New research reports from information security companies monitoring online attacks and cybercrime trends show that malicious code developers continue to work hard. In fact, they continue to update or release new versions of cryptocurrency miners, cryptographic ransomware, bank trojans and other malware (see: GandCrab Ransomware: the Cat-and-Mouse game continues).
See also: Key driver to enable digital transformation in financial services
Looking at these efforts from a high-level perspective, they are governed by a simple and direct imperative: "Criminals like to make money," says Brian Honan, who heads BH Consulting in Dublin.
As a result, if a particular type of attack leads to an illegal payday for an individual or group, these attacks are likely to continue. Nonetheless, some gangs seem to continue to diversify using malware droppers – the attack code that initially infects a PC or server – to push a series of ever-evolving attack codes onto victims' PCs and servers.
WebCobra: no joy pack
While ransomware continues to hit organizations, security experts say that what is particularly hot right now is cryptocurrency malware. And a new strain of malicious code called WebCobra, which seems to have been built by Russian developers, is the latest example of malware designed to use the CPUs of infected systems to extract cryptocurrency, say researchers McAfee Kapil Khade and Xiaobing Lin in a blog send.
"Money mining is hard to detect," they say. "Once a machine has been compromised, a malicious app runs automatically in the background with only one sign: performance degradation."
The victims, however, are left to pay the energy costs resulting from all this CPU usage. Crescent Electric Supply Company estimated in January that the cost of extracting a single bitcoin in the United States ranges from $ 531 to $ 26,170, depending on the state in which the extraction occurred.
"The increase in the value of cryptocurrencies has pushed cybercriminals to use malware that steals machine resources to extract cryptographic coins without the consent of victims," say McAfee researchers.
In the case of WebCobra, researchers believe that malware is distributed by shady applications or that the industry often refers to PUPs – potentially unwanted programs – that can be bundled with wallpapers or freely offered versions of paid applications.
Even WebCobra has some ace up its sleeve; customize attacks based on the type of system you can reach. "This cryptocurrency malware is rare because it releases a different miner depending on the configuration of the infected machine," say McAfee researchers.
The coin malware is still hot
Researchers expect the prevalence of these types of attacks to continue to increase, as they have in the last 12 months.
"Coin mining malware will continue to evolve as cybercriminals take advantage of this relatively easy route to steal value," they say. "Mining coins on other people's systems require less investment and risk than ransomware and do not depend on a percentage of victims accepting to send money, and as long as users learn that they are supporting criminal miners, they have a lot to gain."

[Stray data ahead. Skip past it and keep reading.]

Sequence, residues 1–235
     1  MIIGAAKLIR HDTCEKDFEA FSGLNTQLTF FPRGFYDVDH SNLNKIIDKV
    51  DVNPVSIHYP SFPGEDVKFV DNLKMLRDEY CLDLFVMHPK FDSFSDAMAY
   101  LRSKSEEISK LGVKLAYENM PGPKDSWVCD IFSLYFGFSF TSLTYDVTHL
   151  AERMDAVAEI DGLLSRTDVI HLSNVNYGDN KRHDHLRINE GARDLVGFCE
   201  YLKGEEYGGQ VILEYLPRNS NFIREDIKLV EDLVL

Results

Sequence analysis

The ease of execution of these attacks, together with the difficulties that the victims have in detecting them, have led to a considerable increase in these campaigns, security experts say.
"Surveys of cryptocurrency mines have increased significantly between 2017 and 2018," says the Cyber Threat Alliance in a report published in September (see The cryptocurrency addiction of criminals continues).
"The combined data from several CTA members show a 459% increase in illegal cryptocurrency malware detections since 2017 and the latest CTA quarterly reports show that this rapid growth shows no signs of slowing," the report said.
Raj Samani, chief scientist at McAfee, says that cryptomining attacks have increased in the last year because such attacks are "simpler, more direct and less risky than traditional cybercrime activities".
Trickbot learns new tricks
Meanwhile, the modular malware called Trickbot, which was also used to extract cryptocurrency, has new tricks.
"TrickBot has traditionally targeted banking customers in multiple geographic areas to steal login credentials in order to commit identity fraud and facilitate fraudulent transactions," Digital Shadows researchers say in a research report.
But TrickBot designers have added additional features that seem designed to extend the reach of malware. In February, TrickBot's designers added an open-source module monero cryptocurrency-mining. And in March they added the ability to encrypt devices, "potentially helping threat actors to extort victims," the research report said.
Last month, Vitali Kremez, director of research at the Flashpoint threat intelligence company, warned that TrickBot was updated to include a module designed to steal passwords from multiple types of applications and browsers.